TexasEscapes.comTexas Escapes Online Magazine: Travel and History
Columns: History, Humor, Topical and Opinion
Over 1800 Texas Towns & Ghost Towns
NEW : : TEXAS TOWNS : : GHOST TOWNS : : TEXAS HOTELS : : FEATURES : : COLUMNS : : ARCHITECTURE : : IMAGES : : SITE MAP : : SEARCH SITE
HOME
SEARCH SITE
ARCHIVES
RESERVATIONS
Texas Hotels
Hotels
Cars
Air
Cruises
Jasper Hotels
Find Hotel Deals in
Jasper, Texas
Book Today
 
 Texas : Features : Columns : All Things Historical

THE TURPENTINERS

by Bob Bowman
Bob Bowman
There are two turpentine stories worth telling in East Texas -- one a forgotten town; the second, a forgotten way of life.

First, the town -- a settlement established in 1907 by the Western Naval Stores Industry in the virgin longleaf pinelands of Jasper County as a turpentine camp and distillery.

Actually a "mother camp" for the company in Southeast Texas, Turpentine employed about 80 men and had a population of l25 at its peak in 19l0.

By 19l5, the company had l6 subsidiary camps in Jasper, Sabine, Newton and San Augustine counties. In 19l8-19, at the peak of the turpentine industry in the South, Texas and two other Southern states -- Louisiana and Mississippi -- produced some 2l percent of the nation's gum output before the industry started to fade.


Turpentine -- as well as its offspring camps -- generated a lawless breed of men and a way of life that led loggers to look down upon "turpentiners."

Chester Norris of Broaddus, who in l973 shared his memories as a turpentine camp boss with a writer, said turpentiners "were the meanest people who ever lived."

"They'd kill each other...one or two every Saturday night. If they didn't have gambling and a barrel house to get drunk in, they'd move on to camps where they did have 'em."

Norris, whose father was also a turpentiner, remembered that he and others "had to patrol the camps on Saturday nights, breaking up fights, trying to keep them from killing each other."

Norris said the outside law "didn't pay us any mind...it was turpentine law and we took care of our own camps."

Norris remembered a camp incident when a worker who kept his money tied around his leg got drunk and fell asleep in a house used to store wooden barrels). "A fellow came in with a razer-sharp apron knife. He chopped off the man's leg at the knee, grabbed the leg and left."

Another incident occurred, according to Norris, when a worker named Molasses was shooting craps with several other turpentiners. "A man came in with a gun to shoot another fellow in the game, but Molasses was between the two. The fellow with the gun hollered at Molasses to duck, but he didn't. The bullet went in Molasses' forehead and slid around under the skin and came out behind his ear. Molasses wrapped his head in a red handkerchief and went right on shooting craps."

Turpentine workers collected sap from the pines by "notching" or gouging holes into the sides of the trees to let the sap run down the sides. Cups were then attached to the notches and once a week the turpentiners would empty the cups into barrels scattered throughout the woods. A barrel wagon regularly made rounds to pick up the full barrels.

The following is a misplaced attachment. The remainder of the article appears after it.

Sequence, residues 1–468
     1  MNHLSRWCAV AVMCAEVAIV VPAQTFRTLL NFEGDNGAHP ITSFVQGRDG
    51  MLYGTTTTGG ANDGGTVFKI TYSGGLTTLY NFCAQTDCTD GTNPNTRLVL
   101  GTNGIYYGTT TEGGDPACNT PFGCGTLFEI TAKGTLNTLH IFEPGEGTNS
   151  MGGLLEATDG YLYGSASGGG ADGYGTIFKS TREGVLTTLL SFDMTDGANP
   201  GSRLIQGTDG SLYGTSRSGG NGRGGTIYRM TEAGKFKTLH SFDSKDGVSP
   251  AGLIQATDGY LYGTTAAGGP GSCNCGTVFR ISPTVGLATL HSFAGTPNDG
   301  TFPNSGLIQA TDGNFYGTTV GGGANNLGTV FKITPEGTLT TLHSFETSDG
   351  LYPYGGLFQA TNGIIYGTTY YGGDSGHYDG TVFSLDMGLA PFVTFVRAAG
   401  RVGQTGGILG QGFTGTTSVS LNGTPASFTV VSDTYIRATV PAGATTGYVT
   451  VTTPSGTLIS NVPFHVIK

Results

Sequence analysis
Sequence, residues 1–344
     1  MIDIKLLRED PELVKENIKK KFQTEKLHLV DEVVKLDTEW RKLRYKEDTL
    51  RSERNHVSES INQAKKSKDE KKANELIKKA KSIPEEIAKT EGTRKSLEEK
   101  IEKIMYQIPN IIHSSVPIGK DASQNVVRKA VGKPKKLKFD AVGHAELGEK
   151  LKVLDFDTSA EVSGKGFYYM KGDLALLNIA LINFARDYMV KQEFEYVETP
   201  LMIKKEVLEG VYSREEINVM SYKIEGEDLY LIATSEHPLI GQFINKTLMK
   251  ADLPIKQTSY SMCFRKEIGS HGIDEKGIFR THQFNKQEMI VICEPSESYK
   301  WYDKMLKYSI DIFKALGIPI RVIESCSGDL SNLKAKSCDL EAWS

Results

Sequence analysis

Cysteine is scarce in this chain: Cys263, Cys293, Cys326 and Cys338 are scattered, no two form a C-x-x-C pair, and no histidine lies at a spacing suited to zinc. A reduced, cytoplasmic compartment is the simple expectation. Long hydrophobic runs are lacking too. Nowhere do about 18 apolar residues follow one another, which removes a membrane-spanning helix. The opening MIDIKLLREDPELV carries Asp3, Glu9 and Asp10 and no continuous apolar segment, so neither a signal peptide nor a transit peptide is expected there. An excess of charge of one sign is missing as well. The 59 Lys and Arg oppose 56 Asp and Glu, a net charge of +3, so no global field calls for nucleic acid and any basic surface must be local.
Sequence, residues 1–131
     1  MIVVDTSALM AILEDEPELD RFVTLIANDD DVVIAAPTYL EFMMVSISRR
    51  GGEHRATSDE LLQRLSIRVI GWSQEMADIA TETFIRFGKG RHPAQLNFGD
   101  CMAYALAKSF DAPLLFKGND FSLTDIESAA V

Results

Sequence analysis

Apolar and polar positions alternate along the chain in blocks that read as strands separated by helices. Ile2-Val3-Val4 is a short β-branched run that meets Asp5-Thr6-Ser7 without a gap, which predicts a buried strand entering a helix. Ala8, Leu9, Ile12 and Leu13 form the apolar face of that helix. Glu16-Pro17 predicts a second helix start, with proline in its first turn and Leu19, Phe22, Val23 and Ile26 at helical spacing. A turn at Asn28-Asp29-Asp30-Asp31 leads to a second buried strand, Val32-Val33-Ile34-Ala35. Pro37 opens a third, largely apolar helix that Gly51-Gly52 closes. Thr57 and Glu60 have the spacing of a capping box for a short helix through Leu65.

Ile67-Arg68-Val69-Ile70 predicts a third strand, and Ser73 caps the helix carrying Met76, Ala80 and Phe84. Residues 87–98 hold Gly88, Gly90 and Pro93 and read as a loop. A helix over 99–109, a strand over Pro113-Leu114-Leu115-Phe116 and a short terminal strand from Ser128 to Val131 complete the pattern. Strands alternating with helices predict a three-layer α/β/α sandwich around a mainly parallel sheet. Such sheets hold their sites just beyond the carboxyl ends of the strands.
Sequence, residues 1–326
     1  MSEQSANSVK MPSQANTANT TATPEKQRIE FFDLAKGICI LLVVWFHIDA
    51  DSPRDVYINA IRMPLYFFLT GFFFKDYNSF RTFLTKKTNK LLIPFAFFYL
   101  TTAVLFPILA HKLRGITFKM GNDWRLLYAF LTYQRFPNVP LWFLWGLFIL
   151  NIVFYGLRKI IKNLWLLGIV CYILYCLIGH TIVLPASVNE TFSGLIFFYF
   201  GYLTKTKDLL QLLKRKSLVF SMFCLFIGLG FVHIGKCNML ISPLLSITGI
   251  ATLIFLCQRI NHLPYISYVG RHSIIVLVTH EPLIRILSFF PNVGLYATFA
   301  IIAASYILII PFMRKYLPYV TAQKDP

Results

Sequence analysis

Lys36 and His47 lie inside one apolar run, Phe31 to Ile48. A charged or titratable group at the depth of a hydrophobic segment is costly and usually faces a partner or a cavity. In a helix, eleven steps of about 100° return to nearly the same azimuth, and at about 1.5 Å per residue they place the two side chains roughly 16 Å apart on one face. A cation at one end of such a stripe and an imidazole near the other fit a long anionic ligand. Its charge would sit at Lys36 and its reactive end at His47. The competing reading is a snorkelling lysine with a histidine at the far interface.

The sap was then taken to stills -- which operated somewhat like a whiskey still -- to generate turpentine. The stills were able to handle about l5 barrels at a time.

The turpentine industry in East Texas was usually referred to as "the naval stores business," a term originated when tree gum was used to tar the rigging and caulk the hulls of sailing vessels more than a century ago.

Early turpentine workers in East Texas seldom made much money. But there were benefits other than the pay. Norris said turpentiners seldom got sick in the camps.

"How could they get sick? They breathed in enough turpentine fumes to kill all the flu and pneumonia bugs in the world."

All Things Historical July 15, 2001 column
Published by permission.
(Bob Bowman is a former president of the East Texas Historical Society and the author of 24 books on East Texas history and folklore.)
Turpentine, Texas
Area Destinations:

Jasper
Jasper County Towns
Newton
Beaumont

Area Hotels:
Jasper Hotels
More Texas Destinations:
East Texas Sunday Drives
East Texas Towns
Texas Ghost Towns
Texas Towns
Texas
Hotels
Jasper Hotels
Find Hotel Deals in
Jasper, Texas
Book Today & Save
 
HOME | TEXAS ESCAPES ONLINE MAGAZINE | TEXAS HOTELS
TEXAS TOWN LIST | TEXAS GHOST TOWNS | TEXAS COUNTIES

Texas Hill Country | East Texas | Central Texas North | Central Texas South | West Texas | Texas Panhandle | South Texas | Texas Gulf Coast
TRIPS | STATES PARKS | RIVERS | LAKES | DRIVES | MAPS

TEXAS FEATURES
Ghosts | People | Historic Trees | Cemeteries | Small Town Sagas | WWII | History | Black History | Rooms with a Past | Music | Animals | Books
COLUMNS : History, Humor, Topical and Opinion

TEXAS ARCHITECTURE | IMAGES
Courthouses | Jails | Churches | Gas Stations | Schoolhouses | Bridges | Theaters | Monuments/Statues | Depots | Water Towers | Post Offices | Grain Elevators | Lodges | Museums | Stores | Banks | Gargoyles | Cornerstones | Pitted Dates | Drive-by Architecture | Old Neon | Murals | Signs | Ghost Signs | Then and Now
Vintage Photos

TRAVEL RESERVATIONS | HOTELS | USA | MEXICO

Privacy Statement | Disclaimer | Recommend Us | Contributors | Staff | Contact TE
Website Content Copyright 1998-2008. Texas Escapes - Blueprints For Travel, LLC. All Rights Reserved
This page last modified: April 10, 2010